For two years from January 2021, eight research projects supported by JPI Urban Europe’s Urban Migration call looked into the state of migration in the context of Europe’s cities: who it involves, what their experiences are, and what impact it has on the function of cities. The studies contribute valuable, contemporary insights into the tapestry of the migrant landscape in urban environments. Concurrently, the researchers obtained a useful picture of what we understand a migrant to be. Drawing from a mix of reports and interviews, we aim to provide an overview of migrants’ heterogenous legal statuses as a useful starting point for cities to better inform their practices, policies, and handling of newcomers’ needs.
Migrants in the Public Eye
“Cities have always attracted people from elsewhere – they are in fact the product of migration – and without migrants, cities would not exist.”
With these words, the MAPURBAN project establishes that the movement of people is the pumping heart of urban places. And they should know: their project’s focus was the identification of ways to improve migrants’ access to essential urban resources and participation in urban society.
And yet, many of us still have minimal understanding of migrants’ experiences or even who they are. This comes largely from the fact that there are so many terms – whether official or those banded about by the media – that are hard to define and, in our minds, paint an oversimplified, unrealistic picture.
This ‘othering’ of migrants makes it easier for political spheres to engage in rhetoric that demonises new arrivals.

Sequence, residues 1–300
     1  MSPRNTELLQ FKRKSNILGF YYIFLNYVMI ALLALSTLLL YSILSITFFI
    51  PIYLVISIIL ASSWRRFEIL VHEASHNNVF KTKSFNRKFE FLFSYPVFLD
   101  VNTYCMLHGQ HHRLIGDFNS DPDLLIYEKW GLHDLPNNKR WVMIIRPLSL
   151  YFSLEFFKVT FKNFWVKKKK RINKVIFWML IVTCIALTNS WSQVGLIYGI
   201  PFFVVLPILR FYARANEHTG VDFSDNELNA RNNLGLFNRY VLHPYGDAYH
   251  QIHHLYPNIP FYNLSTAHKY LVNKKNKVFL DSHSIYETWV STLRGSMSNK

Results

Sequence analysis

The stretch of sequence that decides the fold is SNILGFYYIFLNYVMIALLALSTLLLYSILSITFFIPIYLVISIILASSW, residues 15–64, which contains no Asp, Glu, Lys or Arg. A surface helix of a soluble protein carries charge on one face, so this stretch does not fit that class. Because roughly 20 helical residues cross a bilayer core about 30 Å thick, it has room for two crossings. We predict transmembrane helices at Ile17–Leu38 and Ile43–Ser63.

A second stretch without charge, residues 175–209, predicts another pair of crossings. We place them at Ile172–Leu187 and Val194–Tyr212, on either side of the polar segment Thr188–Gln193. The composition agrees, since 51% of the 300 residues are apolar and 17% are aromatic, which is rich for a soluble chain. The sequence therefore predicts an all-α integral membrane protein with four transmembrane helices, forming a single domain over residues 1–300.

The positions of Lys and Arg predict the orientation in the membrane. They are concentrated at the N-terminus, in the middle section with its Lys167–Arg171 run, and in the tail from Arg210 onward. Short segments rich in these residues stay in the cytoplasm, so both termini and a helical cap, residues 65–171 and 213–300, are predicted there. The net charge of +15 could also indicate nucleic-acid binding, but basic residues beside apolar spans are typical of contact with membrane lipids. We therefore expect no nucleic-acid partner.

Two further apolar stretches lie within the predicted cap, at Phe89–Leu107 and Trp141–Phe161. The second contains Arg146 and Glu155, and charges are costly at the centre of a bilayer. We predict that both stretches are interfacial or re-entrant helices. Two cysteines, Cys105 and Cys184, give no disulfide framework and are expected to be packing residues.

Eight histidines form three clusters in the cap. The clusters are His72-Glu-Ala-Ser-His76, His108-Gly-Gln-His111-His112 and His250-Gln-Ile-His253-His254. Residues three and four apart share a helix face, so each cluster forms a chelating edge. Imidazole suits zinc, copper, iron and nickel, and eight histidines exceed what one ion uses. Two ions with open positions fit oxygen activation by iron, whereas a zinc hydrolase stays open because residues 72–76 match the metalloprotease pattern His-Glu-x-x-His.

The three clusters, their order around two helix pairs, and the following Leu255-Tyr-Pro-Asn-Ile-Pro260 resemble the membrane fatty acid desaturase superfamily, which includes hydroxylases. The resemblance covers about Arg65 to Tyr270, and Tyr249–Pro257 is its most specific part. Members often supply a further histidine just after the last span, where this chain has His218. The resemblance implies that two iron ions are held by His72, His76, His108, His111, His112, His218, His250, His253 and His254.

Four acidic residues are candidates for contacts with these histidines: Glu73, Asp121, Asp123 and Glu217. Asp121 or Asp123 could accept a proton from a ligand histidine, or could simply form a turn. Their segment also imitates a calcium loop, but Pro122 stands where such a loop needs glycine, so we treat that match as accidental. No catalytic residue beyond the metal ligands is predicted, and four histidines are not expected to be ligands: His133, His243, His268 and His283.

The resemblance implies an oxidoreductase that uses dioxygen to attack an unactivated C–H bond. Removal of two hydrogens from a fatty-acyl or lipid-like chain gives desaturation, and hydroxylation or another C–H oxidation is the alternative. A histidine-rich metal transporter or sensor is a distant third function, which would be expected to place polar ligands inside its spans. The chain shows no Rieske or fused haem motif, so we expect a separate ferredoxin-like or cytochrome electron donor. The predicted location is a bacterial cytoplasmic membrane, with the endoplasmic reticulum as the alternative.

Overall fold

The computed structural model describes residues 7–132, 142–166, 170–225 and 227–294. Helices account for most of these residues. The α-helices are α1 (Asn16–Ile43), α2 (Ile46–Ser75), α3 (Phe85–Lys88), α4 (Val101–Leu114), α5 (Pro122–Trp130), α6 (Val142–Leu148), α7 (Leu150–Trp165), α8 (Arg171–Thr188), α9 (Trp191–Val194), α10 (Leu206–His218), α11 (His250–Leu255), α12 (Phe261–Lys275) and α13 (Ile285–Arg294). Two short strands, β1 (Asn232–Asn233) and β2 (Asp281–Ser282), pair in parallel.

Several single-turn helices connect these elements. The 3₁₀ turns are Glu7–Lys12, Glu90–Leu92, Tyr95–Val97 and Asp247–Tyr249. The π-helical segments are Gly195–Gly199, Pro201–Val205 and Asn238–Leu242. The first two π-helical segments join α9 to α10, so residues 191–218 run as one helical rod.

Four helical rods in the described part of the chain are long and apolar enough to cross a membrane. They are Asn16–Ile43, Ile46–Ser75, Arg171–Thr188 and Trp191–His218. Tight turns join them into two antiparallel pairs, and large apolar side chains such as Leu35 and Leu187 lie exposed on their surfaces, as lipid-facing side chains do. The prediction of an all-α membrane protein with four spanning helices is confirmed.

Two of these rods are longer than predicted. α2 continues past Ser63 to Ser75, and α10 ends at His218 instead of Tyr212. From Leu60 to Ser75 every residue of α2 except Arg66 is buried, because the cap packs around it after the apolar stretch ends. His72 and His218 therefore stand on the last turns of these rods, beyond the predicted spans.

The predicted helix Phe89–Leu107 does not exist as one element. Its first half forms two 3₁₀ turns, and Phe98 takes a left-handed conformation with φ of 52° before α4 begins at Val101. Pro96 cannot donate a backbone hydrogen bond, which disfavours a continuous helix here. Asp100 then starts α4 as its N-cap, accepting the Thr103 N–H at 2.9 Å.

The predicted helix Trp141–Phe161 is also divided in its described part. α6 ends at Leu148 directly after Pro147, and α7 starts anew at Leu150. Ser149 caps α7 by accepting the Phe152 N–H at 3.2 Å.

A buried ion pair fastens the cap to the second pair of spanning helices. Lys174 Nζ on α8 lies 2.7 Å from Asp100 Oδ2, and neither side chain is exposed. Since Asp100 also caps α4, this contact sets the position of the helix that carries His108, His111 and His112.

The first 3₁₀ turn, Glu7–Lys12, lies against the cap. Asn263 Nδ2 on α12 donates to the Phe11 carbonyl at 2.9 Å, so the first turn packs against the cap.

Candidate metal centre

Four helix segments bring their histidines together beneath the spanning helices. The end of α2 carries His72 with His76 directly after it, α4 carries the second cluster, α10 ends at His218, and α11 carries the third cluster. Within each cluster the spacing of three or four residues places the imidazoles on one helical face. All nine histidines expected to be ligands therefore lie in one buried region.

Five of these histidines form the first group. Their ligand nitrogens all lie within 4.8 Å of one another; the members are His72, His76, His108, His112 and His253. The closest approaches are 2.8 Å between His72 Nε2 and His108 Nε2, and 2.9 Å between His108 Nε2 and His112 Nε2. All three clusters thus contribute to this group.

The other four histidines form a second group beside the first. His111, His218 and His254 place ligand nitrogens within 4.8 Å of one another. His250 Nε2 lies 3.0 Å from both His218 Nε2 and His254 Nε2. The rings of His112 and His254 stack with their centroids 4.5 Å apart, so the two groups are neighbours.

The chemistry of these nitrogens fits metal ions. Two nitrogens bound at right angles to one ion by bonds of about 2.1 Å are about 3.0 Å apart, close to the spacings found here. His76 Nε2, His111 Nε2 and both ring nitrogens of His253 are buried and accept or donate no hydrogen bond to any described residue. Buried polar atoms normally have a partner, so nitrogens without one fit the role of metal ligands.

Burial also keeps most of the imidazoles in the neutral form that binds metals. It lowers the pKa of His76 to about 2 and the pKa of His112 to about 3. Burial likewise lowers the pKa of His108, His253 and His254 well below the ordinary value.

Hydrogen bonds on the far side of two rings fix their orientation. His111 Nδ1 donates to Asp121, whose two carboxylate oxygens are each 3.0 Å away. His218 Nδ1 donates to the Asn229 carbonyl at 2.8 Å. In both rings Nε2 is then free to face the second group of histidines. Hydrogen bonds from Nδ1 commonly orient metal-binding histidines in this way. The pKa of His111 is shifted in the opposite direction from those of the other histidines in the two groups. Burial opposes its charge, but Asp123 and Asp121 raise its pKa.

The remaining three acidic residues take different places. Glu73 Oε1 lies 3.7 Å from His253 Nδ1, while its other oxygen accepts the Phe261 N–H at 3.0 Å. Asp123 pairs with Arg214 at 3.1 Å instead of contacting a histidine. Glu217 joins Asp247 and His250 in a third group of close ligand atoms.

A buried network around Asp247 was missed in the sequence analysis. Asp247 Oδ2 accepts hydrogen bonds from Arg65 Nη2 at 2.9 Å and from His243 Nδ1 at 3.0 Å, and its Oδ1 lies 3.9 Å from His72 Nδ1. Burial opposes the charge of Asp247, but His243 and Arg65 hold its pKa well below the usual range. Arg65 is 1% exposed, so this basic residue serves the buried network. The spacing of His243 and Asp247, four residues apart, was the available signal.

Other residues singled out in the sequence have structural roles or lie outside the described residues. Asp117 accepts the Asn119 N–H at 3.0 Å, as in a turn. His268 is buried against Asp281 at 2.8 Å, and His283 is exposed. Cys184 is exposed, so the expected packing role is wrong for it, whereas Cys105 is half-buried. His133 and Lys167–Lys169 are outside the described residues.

In turn, this excuses national policies that many European countries use to create an environment of hostility, allegedly out of fears for forced cultural change, heightened concerns for safety, and the drain on resources.
Over time, inflammatory language becomes normalised. There are barely any legal grounds for the dehumanising term “illegal immigrant” thanks to the internationally agreed conventions that protect a person’s rights upon arrival, but that doesn’t stop people using it.
In some European countries, an unauthorised stay is actually an administrative offence rather than a criminal offence.Sarah Spencer, LoReMi
That’s because the derisory stigma attached to ‘illegal’ immigration is weaponised by populist politics to create social divisions, designed to dissuade further immigrants from arriving. However, with the rate of migration steadily rising year-on-year, it doesn’t seem to be working.
With new conflicts arising closer to home – plus an increase in environmental disasters caused by climate change – Europe’s cities need to prepare to integrate, not isolate, evermore new arrivals. But to do this effectively, we need to stop listening to the vitriol and make an effort to understand who Europe’s migrants really are.
What Makes a Migrant?
To better understand migrant experiences, the eight JPI Urban Europe-funded projects investigated the issues affecting those whose residency status fits a spectrum of legal definitions and reasons for migrating.
About the only thing that many arrivals had in common was the hope of carving out a better – or at least a safe and stable – life.